The libraries’ streaming service, Filmstriben, has a good selection of quality Spanish films that you can watch for free. Here are a handful of the best.
Filmstriben is your online library where you can stream feature films, shorts and documentaries selected by librarians. Among the Filmstriben selection you will find a number of quality Spanish films. Some of the films can be seen on other streaming services, but on Filmstriben it is free to borrow a film for 48 hours. Just use your library login. There is a limit to how many films you can borrow per month, depending on your local library. You can see how many you have available in the current month when you borrow a film.
1 Pain and honour
Pedro Almodóvar’s Pain and Glory (2019) is a somewhat more subdued and thoughtful drama than we’re used to seeing from the director’s hand. But we are not spoiled by a good dose of Almodóvarian humour and a colourful cast of characters, for which we know him so well.
Film director Salvador Mallo, played masterfully by Antonio Banderas, has had a long and illustrious career and is about to premiere his magnum opus. He is plagued by a lack of creativity, the pains of an ageing body, unresolved issues of the past and a good dose of self-pity and depressive thoughts. Salvador meets Alberto (Asier Exeandia), an actor with whom he had a falling out. Meeting Albertro leads Salvador to smoke heroin, where he travels back to his working-class childhood and memories of his loving and fiery mother (Penelope Cruz) and his first memories of his sexuality. Alberto also finds a way out of depression when Salvador lets him write his memoirs, and the process leads him to a meeting with a former girlfriend.
Pain and Glory is a beautiful and poignant film about growing older, searching and reinterpreting the narrative of oneself to find one’s footing in a new age identity.
Is the film about Almodóvar’s own pain and glory? We can only guess, but there are many references that point directly to the director’s own life.
See Pain and honour
2 Living is easy with eyes closed
The comedy drama Living is easy with eyes closed (2013), written and directed by David Trueba, is both a road movie and a period picture of Spain in the 1960s, peppered with beautiful images.
In 1966, Beatles-loving Spanish English teacher Antonio (Javier Cámara), who uses Beatles songs in his lessons, sets off on a long road trip to meet his great idol, John Lennon. Lennon films in Almería, Andalusia, where he stars in the film I Won the War. Heading for Andalusia in an old barge, Antonio picks up a pair of young hitchhikers, a pregnant young woman and a teenage boy, both on the run.
The unlikely company builds a strong friendship and, of course, encounters a lot of obstacles on their way to Lennon. The nerdy Antonio softens and resolves most with a humanism that stands in stark contrast to the controlling and narrow-minded view of man that characterised the country.
The film’s title is a quote from the John Lennon song Strawberry Fields Forever, which was created when Lennon was filming in Andalusia. The film Water won six Goya awards.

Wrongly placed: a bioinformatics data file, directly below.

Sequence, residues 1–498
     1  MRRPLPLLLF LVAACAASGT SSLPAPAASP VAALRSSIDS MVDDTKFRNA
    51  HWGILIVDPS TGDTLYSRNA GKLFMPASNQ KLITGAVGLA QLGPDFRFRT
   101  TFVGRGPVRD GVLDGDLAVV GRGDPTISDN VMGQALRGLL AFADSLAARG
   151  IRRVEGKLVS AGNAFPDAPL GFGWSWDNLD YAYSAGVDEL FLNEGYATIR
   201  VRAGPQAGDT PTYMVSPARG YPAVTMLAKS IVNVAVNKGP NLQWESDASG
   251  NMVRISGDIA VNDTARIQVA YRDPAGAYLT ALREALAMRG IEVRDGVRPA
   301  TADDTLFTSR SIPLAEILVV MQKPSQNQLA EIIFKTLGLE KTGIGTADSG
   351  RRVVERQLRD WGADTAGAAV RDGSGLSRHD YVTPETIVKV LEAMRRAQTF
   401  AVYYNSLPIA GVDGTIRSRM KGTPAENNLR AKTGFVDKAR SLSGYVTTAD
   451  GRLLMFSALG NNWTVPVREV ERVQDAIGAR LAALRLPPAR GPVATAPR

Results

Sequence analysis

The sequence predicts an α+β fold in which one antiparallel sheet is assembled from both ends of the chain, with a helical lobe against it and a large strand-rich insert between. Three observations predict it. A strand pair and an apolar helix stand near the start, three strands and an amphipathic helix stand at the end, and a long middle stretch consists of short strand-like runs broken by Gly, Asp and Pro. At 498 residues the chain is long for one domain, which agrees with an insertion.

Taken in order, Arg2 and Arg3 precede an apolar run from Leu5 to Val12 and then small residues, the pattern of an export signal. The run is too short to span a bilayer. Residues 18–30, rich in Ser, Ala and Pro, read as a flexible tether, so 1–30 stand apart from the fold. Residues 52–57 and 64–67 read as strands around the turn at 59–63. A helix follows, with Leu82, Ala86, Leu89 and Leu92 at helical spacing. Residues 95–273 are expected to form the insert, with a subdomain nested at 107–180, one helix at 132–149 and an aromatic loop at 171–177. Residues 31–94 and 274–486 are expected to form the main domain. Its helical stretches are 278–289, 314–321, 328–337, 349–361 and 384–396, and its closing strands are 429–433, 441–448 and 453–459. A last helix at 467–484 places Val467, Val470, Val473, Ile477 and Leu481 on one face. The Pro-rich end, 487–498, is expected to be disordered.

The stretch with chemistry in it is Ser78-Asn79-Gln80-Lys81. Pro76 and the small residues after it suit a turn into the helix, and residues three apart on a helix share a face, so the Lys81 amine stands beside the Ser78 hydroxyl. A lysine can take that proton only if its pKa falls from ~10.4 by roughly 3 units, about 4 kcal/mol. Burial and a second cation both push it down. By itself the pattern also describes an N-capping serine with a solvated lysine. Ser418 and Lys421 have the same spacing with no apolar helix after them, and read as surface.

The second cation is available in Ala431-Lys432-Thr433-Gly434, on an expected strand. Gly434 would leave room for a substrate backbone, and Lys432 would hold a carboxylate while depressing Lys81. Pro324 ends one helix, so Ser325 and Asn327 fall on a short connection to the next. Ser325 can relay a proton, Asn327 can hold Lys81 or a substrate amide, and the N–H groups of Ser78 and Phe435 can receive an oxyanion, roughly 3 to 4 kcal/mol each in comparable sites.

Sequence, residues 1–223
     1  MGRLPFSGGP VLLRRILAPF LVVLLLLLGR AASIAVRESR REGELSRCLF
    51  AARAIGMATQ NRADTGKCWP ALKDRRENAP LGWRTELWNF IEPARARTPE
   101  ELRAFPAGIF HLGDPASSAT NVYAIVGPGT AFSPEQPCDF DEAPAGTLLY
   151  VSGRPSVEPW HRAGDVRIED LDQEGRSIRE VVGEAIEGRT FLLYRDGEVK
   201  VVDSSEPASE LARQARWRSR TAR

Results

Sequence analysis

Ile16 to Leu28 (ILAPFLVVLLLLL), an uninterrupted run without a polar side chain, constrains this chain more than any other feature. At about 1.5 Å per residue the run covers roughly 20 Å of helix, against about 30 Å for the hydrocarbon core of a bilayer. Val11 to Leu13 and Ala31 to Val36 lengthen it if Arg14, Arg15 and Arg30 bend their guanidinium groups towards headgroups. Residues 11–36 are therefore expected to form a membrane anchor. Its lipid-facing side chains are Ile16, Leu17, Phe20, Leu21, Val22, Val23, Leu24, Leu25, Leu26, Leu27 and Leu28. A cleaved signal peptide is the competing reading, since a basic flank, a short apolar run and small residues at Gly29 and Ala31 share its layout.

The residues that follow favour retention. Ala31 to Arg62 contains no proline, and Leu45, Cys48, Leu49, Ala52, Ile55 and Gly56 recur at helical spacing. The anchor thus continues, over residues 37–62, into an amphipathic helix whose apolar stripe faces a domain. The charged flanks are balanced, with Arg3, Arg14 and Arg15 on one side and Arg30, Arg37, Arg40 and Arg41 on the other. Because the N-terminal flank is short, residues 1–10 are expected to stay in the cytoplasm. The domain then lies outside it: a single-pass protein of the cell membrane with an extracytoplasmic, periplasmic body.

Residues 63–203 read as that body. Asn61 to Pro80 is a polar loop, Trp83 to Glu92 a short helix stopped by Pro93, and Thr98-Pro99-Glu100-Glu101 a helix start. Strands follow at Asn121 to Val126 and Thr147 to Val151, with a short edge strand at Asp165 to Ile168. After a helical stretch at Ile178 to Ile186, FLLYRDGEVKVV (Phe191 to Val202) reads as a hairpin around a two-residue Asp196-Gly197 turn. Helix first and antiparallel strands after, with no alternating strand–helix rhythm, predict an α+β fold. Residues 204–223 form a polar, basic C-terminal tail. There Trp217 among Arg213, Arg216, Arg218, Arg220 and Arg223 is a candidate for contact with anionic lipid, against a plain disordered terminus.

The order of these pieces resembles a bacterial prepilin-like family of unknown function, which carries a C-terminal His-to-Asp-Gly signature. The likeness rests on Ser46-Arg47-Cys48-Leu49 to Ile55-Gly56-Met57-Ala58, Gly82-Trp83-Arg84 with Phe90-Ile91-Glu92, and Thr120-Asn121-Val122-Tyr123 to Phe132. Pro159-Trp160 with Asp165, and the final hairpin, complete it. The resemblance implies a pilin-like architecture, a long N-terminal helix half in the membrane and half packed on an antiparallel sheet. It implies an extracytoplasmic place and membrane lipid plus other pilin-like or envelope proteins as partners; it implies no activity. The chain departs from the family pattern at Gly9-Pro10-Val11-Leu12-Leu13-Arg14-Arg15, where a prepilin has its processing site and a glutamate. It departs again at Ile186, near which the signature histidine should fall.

3 Buñuel in the labyrinth of turtles
One of Spain’s most important film directors, surrealist Luis Buñuel (1900-1983), best known for his collaboration with Salvador Dalí in the film The Andalusian Dog (1929), stars in the stunning animated film Buñuel in the Labyrinth of the Turtles (2019).
In the 1930s, Buñuel lived in Paris, where he was a member of the Surrealist movement. He is on the verge of bankruptcy after his first film, The Golden Age, in conflict with his friend Dalí and unpopular with the cultural elite. For lack of a better word, he throws himself into a documentary film project, which a good friend finances with a lottery win. Together they travel to one of Spain’s poorest areas, the mountainous Las Hurdes in Extremadura, to film Las Hurdes: Tierra sin pan (Land without Bread). We follow the couple and the story of the making of the film, which premiered in 1933. Friendships are tested and the limits of what can be done to people and animals in the name of art are challenged as Buñuel unleashes his uncompromising artistic talent. The film is directed by Salvador Simó.
4 Carmen & Lola
Carmen & Lola (2018) is a conflicted love drama that defies religion and culture. 17-year-old Carmen (Rosy Rodríguez) is Roma and engaged. Her future as a good gypsy woman is planned with a husband and children in a life ruled by a conservative gypsy community in Madrid’s suburbs. When she meets 16-year-old Lola (Zaira Romero), a friendship develops that turns into love, and both their lives change radically.
Carmen struggles with a culturally inherited homophobia, while Lola is more true to her sexuality. Both are challenged by the secrecy, which costs on the emotional account. Carmen & Lola is a love drama that gives voice to minorities and their struggle to break out of cultural norms.
5 Sex & Lucía
Sex & Lucía (2001) is Spanish drama and passion at full throttle. Lucia (Paz Vega), a waitress living in Madrid, flees to a small island in the Mediterranean when she thinks her boyfriend, the writer Lorenzo (Tristan Ulloa), is dead. Here she is confronted with Lorenzo’s past.
The film is structured in a complex narrative technique, where we get the story of Lucía and Lorenzo’s six-year love story, mixed with authentic stories from Lorenzo’s past, which can be written into the novel he is working on and which Lucía meets on the island. Past, present meet in fictional stories and fantasies, and Lucía must piece together meaning from fragments in this fateful drama that, as the title suggests, is spiced with plenty of hot sex scenes. It is now the drama’s complex narrative that captivates and makes the film worth watching.
Sex & Lucía is written and directed by Julio Medem. The film has won several Goya awards.
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Read the guide to compelling Spanish series on Netflix